Sexless Reason has not only been conceived as a transcendence of the feminine, not even of the male, but of life, of matter. The heavens are reflected in the gutter, as Tolstoy thought – but they exist only as elements of the material world. Much has been achieved despite the Man of Reason. He is bare. His upholding is a dissipation and distraction of energy from addressing the reflection in theory of the inter-relationship of reason, the emotions and elements ‘below’ consciousness in practice. His function is the justification and maintenance of division, exploitation and oppression. What is needed for the Man of Reason is not the realisation of his limitations as a human ideal, but the realisation of his passing, in order that men and women alike might come to enjoy a more humane life, free of the dualisms that have developed in his shadow.
78. This same dichotomy can be seen in Marx’s life. Failing to unite science and art in his dialogue ‘Cleanthes’, which also carried him ‘like a false-hearted siren into the clutches of the enemy’, (my italics) Marx (who developed his epistemology primarily on Hegel’s philosophy) abandoned poetry for philosophy in which he hoped to discover ‘our mental nature to be just as determined, concrete, and firmly established as our physical’. In E. Fischer, The Necessity of Art, A Marxist Approach, Trans., A. Bostock, 1959, reprint. Harmondsworth: Penguin, 1986, 4. In his doctoral thesis of 1841 he wrote ‘In order for man to become his only true object, he must have crushed within himself (my italics) his relative mode of being, the force of passion and of mere nature’. (Ibid.) Lenin, Gorky and Lunacharsky wrote that although Lenin loved music, to listen to it disturbed him very much. In Lenin on Literature and Art, Progress: Moscow, 1978, 270, 284, 285. Trotsky also admitted to ‘resisting’ art. In M. Solomon, Ed., Marxism and Art, Essays Classic and Contemporary, 1973; reprint. Detroit, 1986, 192.
Hitler, another idealistic male system-builder, this time of the thousand-year-Reich, who once painted reasonable water-colours for a living, stated ‘As long as a people exists, however, it is the fixed pole in the flight of fleeting appearances. It is the being and the lasting permanence. And, indeed, for this reason, art as an expression of the essence of this being, is an eternal monument – in itself the being and the permanence’ From the speech inaugurating the ‘Great Exhibition of German Art’, 1937, Munich, published in ‘Der Führer eroffnet die Grosse Deutsche Kunstausstellung 1937’, Die Kunst im Dritten Reich (Munich), I, 7-8, (July-August, 1937) 47-61, in H. Chipp, Ed., Theories of Modern Art, A Source Book by Artists and Critics., University of California Press, 1968, 478; Plotinus wrote: ‘”Let us flee then to the beloved Fatherland”: this is the soundest counsel.’ In Plotinus, The Enneads., Third ed. Abridged. Trans., S. MacKenna. op. cit. 54 ↩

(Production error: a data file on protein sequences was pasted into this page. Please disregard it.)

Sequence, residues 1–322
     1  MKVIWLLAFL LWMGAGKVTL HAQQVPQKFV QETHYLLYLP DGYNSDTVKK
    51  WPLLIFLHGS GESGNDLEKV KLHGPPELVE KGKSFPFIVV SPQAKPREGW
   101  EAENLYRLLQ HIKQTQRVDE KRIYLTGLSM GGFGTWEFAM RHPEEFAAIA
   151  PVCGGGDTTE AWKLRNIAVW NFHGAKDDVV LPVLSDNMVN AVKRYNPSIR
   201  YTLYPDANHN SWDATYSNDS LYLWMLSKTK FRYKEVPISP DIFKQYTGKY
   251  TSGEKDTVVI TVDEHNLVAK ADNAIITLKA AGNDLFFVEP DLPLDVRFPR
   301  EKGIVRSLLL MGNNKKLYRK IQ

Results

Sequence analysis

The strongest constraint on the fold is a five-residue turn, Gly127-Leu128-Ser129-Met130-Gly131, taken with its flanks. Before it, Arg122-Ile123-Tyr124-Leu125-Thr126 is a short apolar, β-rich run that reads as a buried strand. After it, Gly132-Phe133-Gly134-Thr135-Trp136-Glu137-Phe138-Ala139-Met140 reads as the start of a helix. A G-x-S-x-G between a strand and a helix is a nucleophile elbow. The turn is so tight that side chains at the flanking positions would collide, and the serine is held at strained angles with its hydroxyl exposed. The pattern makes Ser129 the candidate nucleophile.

79. G. Lloyd, ‘The Man of Reason’, in Women, Knowledge, and Reality: Explorations in Feminist Philosophy. Eds., A. Garry and M. Pearsall. Boston: Unwin Hyman, 1989, 124 ↩
80. Ibid. 125 ↩
81. Ibid. 124 ↩
82. G. Lloyd, The Man of Reason, ‘Male’ and ‘Female’ in Western Philosophy, London: Methuen, 1984, x (Preface to 1993 edition) ↩
83. ‘The resolution of human/nature dualism is closely linked with the resolution of other closely associated reason/nature dualisms, such as the reason/emotion dualism…We have noticed how emotion is constructed as the opponent and dualised underside of reason, so that it is identified as an unreliable, unreflective, irrational and sometimes uncontrollable force reason must dominate. We should certainly challenge the narrowing and dominating role of reason…Emotion, like other areas reason has excluded, can be treated affirmatively, as a crucial and creative element, but in doing this we affirm neither the irrational nor the anti-rational.’ V. Plumwood, Feminism and the Mastery of Nature, London: Routledge, 1993, 189 ↩
84. E. Ilyenkov, Dialectical Logic, Essays on its History and Theory, Progress: Moscow, 1977, 189 ↩
85. V. Lenin, Collected Works, Volume 38 (Philosophical Notebooks), Progress, Moscow, 1976, 114, 195 ↩